• What are the components of talent management in the models studied?
  • What are the similarities and differences between the models studied in terms of talent management components?

 

 

2. Research Method

        The research method of present study is a qualitative comparative based on content analysis approach to understand and recognize similarities and differences among talent management models. The statistical population includes all talent management models and research samples have been selected through theoretical sampling method. Data collection method is a documentary method by examining the content of Internet resources, Web search engines, books, journals, and academic projects to determine main components of well-known models of talent management from a comparative perspective with suggestions for Iranian organizational managers. Using theoretical sampling, the researchers selected models that could answer the purpose and questions of the research. The end of theoretical sampling was determined based on data saturation. This method usually occurs in qualitative research when a new set of concepts is not obtained by reviewing new cases (Given, 2008). The current paper found theoretical saturation in the thirteenth model.

 

3. Results

 

     This section consists of two parts: First, a brief explanation of models (first question of research); Second, similarities and differences of components of selected models (second question of research).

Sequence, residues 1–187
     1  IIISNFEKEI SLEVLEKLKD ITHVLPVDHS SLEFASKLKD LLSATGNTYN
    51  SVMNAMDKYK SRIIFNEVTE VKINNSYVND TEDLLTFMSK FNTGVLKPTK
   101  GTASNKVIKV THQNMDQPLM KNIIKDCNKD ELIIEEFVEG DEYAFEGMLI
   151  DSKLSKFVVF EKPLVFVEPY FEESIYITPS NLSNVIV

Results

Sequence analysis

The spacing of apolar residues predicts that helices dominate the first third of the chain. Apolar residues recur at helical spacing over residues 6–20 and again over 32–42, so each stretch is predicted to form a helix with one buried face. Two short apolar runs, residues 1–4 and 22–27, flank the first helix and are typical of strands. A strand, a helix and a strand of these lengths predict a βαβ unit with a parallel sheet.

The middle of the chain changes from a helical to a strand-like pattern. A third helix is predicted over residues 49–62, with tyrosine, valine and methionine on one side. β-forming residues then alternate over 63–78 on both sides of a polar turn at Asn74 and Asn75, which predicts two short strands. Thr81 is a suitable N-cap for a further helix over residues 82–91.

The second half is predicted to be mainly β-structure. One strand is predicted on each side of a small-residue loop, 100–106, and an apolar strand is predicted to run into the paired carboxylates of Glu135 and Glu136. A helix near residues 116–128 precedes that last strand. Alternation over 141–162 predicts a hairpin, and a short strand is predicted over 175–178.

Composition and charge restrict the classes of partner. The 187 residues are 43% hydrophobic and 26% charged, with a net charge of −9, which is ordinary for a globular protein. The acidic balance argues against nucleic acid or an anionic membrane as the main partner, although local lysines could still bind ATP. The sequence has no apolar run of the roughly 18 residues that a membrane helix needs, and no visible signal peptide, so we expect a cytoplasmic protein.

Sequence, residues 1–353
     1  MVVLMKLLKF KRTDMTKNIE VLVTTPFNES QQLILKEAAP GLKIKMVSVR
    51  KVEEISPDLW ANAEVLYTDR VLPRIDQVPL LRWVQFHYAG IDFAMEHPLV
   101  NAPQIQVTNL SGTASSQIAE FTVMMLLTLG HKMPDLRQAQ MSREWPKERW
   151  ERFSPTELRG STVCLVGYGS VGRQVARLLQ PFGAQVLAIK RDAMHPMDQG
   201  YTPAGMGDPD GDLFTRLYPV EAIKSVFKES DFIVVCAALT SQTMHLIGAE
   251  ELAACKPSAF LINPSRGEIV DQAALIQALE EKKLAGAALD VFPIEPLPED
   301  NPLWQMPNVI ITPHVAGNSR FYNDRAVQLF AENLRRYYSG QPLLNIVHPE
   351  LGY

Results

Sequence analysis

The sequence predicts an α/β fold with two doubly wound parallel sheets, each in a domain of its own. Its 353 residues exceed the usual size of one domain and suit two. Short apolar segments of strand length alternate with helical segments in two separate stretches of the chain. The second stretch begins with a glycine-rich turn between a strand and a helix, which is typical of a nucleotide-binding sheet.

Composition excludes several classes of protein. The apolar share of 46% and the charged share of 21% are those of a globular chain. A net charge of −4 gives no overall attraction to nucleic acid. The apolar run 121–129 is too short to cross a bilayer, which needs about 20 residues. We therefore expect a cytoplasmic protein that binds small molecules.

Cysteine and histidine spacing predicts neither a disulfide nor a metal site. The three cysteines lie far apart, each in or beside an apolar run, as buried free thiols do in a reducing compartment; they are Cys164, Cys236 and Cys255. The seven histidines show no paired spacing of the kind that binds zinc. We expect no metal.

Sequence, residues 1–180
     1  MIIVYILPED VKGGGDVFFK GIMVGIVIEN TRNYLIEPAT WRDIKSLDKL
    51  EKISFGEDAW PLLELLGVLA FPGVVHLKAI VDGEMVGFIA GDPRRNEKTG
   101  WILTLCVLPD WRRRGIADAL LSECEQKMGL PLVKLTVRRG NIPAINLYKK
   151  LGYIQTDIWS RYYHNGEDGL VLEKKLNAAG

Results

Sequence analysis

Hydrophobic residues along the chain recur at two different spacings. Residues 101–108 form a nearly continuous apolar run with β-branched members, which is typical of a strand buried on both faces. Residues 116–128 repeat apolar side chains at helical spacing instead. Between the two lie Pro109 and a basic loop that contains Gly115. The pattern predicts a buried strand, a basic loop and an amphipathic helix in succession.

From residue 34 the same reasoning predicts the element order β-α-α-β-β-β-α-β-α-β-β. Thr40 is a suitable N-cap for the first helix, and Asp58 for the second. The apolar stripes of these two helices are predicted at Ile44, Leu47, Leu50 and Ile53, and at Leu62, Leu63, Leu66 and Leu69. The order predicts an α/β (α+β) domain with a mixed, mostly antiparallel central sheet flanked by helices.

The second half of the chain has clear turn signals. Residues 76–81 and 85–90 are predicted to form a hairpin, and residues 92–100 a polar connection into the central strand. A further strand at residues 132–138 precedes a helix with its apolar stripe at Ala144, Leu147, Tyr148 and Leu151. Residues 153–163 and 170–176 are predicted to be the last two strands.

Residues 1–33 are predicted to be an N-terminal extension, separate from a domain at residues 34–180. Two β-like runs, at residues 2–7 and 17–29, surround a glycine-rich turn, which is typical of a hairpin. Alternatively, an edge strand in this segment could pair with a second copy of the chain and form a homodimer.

First: A brief description of the models

 

Although concept of talent management indicates entry of a new variable in the scientific field of management, especially in last two decades, it has a long history in the field of psychology. In the science of psychology, the emphasis on the word talent is mainly a reflection of the characteristics that a person inherits from his or her parents (Cappelli, 2008). In the science of management, this concept has found wider dimensions that have not been of much interest to psychologists. The conceptual development of talent management led to the emergence of a group of effective components that represent the communication and functional space of the individual. Also, diversity and multiplicity of components led to various models in the field of talent management by researchers and theorists. Given the theoretical saturation approach, the main components of 13 models are briefly mentioned here: